Radio: Cold blood and hot air

Ryan Tubridy preferred crime stories to budgetary matters as Sean O’Rourke hosted an awkward encounter for Minister Howlin

Test Ministers: Minister for Finance Michael Noonan, left, and Minister for Public Expenditure and Reform Brendan Howlin at the RTÉ radio centre after appearing on the Today with Sean O’Rourke  show. Photograph: Niall Carson/PA Wire

Test Ministers: Minister for Finance Michael Noonan, left, and Minister for Public Expenditure and Reform Brendan Howlin at the RTÉ radio centre after appearing on the Today with Sean O’Rourke show. Photograph: Niall Carson/PA Wire


It was a spectacle familiar from many a budget day: a gaggle of reporters eagerly awaiting an event whose details had been flagged well in advance but that was nonetheless the subject of feverish speculation and analysis. It says much about the interest in the release of the drug dealer John Gilligan that coverage of the occasion rivalled that of the measures unveiled by Ministers Michael Noonan and Brendan Howlin on the same day.

It was noteworthy news, but in purely radio terms Gilligan’s release also had the appeal of providing relief from the monotonous fug surrounding the Budget. Ryan Tubridy, for one, nailed his colours to the mast when he bemoaned “the analysis of the analysis of the analysis” of fiscal measures, instead plumping for a discussion with the crime journalist Michael O’Toole about his brief interview with the freed gang leader.

The item, on Tubridy (2FM, weekdays), revealed much about the media scrum that feeds such stories, as O’Toole recounted how a colleague from the Irish Daily Star had followed Gilligan from Portlaoise Prison on a speeding motorbike. But his actual interview was hardly revealing: Gilligan vocally protested his innocence in any involvement with the 1996 murder of Veronica Guerin by members of his gang, before chirpily declaring his intention to have a beer.

It made for queasy listening, particularly when he referred to Guerin, whom he had been charged with viciously assaulting, as “that poor girl”, but it added little in the way of understanding its subject beyond O’Toole’s assertion that the criminal had “ice in his blood”. That the conversation turned to the crime drama Love/Hate suggested that Tubridy knew the item was a bit thin.

Over on Today With Sean O’Rourke (RTÉ Radio 1, weekdays) the presenter took pains to point out that Gilligan “was never convicted for anything to do with Veronica Guerin” before quashing any concerns about excessive impartiality by reminiscing at length about the murdered reporter with her friend and fellow journalist Lise Hand. Amid bittersweet tales about her sparkiness and tenacity, however, O’Rourke posed some pertinent questions about whether the late reporter’s employer, the Sunday Independent, should have done more to protect her, particularly after she had earlier been shot in the leg. Hand was admirably straight in her answer, saying the paper – which she too worked for – should have stepped in, as “the thing was getting out of control”. It was an intriguing sequence, particularly with crime journalism now featuring so prominently in the media.

For all that, O’Rourke devoted much more time to budgetary matters. It could hardly be otherwise, given that Ministers Noonan and Howlin turned up on Wednesday’s show to face questions from the public, a tradition that O’Rourke said was 40 years old, lest anyone think the custom merely a carry-over from his predecessor’s reign. O’Rourke handled the encounter with admirable scrupulousness. When Noonan sought to reassure listeners that “we’re getting through this difficulty”, the host even resisted the temptation to repeat Tonto’s line to the Lone Ranger when surrounded by Indians: “What do you mean ‘we’, paleface?”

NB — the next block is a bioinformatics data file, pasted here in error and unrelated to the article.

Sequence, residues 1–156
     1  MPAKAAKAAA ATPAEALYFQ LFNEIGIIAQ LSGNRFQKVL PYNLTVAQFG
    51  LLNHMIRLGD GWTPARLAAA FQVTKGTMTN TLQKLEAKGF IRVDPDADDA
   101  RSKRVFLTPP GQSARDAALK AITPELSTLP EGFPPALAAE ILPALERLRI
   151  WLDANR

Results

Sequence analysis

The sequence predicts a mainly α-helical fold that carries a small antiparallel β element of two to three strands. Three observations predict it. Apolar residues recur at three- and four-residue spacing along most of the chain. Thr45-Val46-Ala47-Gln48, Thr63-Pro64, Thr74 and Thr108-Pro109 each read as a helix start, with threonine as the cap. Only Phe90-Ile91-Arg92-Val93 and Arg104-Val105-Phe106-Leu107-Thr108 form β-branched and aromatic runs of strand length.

But he pulled up Howlin when the Minister defended his cost-cutting measures with the hoary line that the Government was “given a lousy bunch of cards to play with two and a half years ago”.

“Yes, we all know that,” O’Rourke shot back impatiently.

The rawest exchange, however came when Howlin spoke to Stella, a working married woman whose two children, both of whom have cerebral palsy, had been denied the discretionary medical card they had previously been granted on the grounds of income. While sounding pained by Stella’s story – caring for one of her sons cost €25,000 a year, she said – the Minister insisted there had been no change in the guidelines for such cards.

“But obviously there is a change,” Stella said. “Our income has gone down and our card is gone.”

It was one of those vivid moments where those who formulate policy are faced with the human cost of their decisions.

Meanwhile, The Pat Kenny Show (Newstalk, weekdays) had to make do with the pundits David McWilliams and Eddie Hobbs, whose distinctive if contrasting stylistic tics distracted from the substance of their contributions. Hobbs decried the Budget as having the unimaginative, piecemeal approach of an accountant, before insisting that “benefit tourism” needed to be tackled: a piecemeal, populist move by any other name.

McWilliams, on the other hand, self-consciously signposted his cerebral approach by quoting Martin Luther King on “the tranquillising drug of gradualism” and by speaking. Very. Slowly. As. If. To. Small. Children.

The impression of superiority was unfortunate, as McWilliams had a few worthwhile things to say. He said that, with multinationals here effectively paying a tax rate of 2.5 per cent, such companies were the real “benefit tourists”, deserving of increased (but still tiny) tax rates of, say, 6 per cent.

Unlike much punditry, McWilliams traded in more than hot air, keeping his sight on the big picture. It’s a pity his delivery was so windy.

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